Artificial Transposons for Sequencing Repetitive DNA

Repetitive DNA is a significant component of eukaryotic genomes. The actual repeat units of repetitive DNA can be organized in a number of different ways: as localized inverted or tandem repeats, as localized mixed repetitive DNA containing both inverted and tandem repeats, or as dispersed repetitive DNA with distantly separated repeat units. Irrespective of the structure, most of the difficulties associated with recovering repetitive sequences are attributable to two basic problems: (1) poor propagation of intact DNA clones carrying repetitive sequences, or (2) misaligned sequence assemblies caused by the repeats. Clone propagation problems are caused either by clone under-representation in libraries resulting from the repeated sequences or by clone rearrangements promoted by the repeats. Misaligned sequence assemblies are caused by the inaccurate assignment of a given sequencing read to one of several similar but distinct repeat units.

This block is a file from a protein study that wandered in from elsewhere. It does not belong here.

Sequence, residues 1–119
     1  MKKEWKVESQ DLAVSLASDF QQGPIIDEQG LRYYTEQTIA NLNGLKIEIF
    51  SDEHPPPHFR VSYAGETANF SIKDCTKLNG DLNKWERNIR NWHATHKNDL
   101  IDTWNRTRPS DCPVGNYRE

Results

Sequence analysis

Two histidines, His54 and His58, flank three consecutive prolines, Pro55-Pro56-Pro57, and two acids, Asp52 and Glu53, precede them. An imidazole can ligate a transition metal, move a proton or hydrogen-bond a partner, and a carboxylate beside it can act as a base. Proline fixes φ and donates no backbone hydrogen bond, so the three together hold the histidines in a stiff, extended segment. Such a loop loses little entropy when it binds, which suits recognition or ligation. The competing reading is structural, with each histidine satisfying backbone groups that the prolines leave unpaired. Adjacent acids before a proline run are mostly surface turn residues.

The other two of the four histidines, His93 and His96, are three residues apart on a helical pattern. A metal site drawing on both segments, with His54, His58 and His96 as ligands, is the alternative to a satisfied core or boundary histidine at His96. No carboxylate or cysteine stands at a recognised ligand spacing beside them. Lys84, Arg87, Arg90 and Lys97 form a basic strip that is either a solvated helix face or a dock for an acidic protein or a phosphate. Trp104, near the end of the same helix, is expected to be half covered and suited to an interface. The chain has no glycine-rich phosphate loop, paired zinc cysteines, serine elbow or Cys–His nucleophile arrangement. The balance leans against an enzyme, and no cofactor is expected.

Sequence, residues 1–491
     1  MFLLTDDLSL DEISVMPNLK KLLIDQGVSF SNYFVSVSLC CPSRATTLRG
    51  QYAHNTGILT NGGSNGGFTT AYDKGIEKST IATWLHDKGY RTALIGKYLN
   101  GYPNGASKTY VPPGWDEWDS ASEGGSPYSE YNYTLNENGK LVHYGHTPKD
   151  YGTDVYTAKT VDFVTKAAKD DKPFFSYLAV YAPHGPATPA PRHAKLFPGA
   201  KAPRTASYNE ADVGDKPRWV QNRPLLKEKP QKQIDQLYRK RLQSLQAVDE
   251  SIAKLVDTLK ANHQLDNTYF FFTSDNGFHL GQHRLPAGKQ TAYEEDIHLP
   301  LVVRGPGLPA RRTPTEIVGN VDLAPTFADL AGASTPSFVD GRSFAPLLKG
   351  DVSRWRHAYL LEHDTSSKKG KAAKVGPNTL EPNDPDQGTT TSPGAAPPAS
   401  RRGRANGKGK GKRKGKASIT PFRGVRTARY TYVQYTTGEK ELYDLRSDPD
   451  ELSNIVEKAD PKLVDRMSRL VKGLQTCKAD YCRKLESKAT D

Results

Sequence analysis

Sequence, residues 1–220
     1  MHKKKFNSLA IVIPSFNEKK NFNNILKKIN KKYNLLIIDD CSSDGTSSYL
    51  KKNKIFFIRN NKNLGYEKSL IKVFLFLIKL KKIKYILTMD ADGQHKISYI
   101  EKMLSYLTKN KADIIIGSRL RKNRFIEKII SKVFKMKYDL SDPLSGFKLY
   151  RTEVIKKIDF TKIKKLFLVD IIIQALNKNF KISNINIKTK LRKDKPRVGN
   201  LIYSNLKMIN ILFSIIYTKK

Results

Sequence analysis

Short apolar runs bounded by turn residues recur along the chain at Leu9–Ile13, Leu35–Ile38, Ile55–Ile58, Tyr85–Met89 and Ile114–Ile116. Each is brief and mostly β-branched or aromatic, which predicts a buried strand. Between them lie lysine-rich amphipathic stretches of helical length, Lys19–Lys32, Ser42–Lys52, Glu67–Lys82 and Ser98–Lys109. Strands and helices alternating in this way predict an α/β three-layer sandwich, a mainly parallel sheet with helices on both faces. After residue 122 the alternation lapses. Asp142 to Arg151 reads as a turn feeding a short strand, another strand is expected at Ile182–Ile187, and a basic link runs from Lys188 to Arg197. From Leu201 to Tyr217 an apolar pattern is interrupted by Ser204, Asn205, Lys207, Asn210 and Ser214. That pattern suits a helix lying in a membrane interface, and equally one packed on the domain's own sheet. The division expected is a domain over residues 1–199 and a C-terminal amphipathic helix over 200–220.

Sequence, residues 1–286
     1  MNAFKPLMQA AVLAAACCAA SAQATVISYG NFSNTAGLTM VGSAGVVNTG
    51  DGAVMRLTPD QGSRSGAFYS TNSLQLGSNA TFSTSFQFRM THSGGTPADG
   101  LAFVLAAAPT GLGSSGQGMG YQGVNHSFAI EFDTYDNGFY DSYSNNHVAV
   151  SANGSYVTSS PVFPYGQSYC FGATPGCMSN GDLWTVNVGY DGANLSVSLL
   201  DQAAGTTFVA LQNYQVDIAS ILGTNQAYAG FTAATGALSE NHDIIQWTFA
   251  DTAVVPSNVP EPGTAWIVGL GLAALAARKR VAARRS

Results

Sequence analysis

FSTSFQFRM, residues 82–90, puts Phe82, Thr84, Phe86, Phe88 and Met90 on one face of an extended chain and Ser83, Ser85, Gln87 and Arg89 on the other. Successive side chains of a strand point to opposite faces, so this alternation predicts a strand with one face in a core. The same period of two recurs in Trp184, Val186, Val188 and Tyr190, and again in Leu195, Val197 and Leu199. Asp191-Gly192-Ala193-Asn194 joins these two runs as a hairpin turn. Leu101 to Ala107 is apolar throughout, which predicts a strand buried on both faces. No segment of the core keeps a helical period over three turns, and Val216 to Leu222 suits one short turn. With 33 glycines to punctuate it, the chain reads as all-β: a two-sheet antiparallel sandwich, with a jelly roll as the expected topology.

Although a variety of sequencing strategies have been developed, most strategies have serious limitations in regions containing repetitive DNA. For example, primer walking is not possible in such regions because the primer anneals to multiple locations within the template and generates a mixed sequence. Transposon-based sequencing strategies, on the other hand, use unique priming sites located near the termini of integrated transposons to recover DNA sequences (Ahmed 1985; Adachi et al. 1987; Phadnis et al. 1989; Strathmann et al. 1991; Devine and Boeke 1994; Kimmel et al. 1997; Fig. Fig.3)3) and thus avoid this problem. Second, because it is known that the two sequences obtained from a single transposon comprise a minicontig, they can be assembled into 600- to 1000-bp sequences that are twice as likely to span problem regions (Fig. (Fig.3).3). Finally, unlike random shearing, the linkage of the sequenced clone is maintained throughout the analysis. This provides a valuable option that is otherwise not available, namely, that the order of the transposons can be mapped and the resulting data may be used to independently determine the correct order of the sequence (Fig. (Fig.33).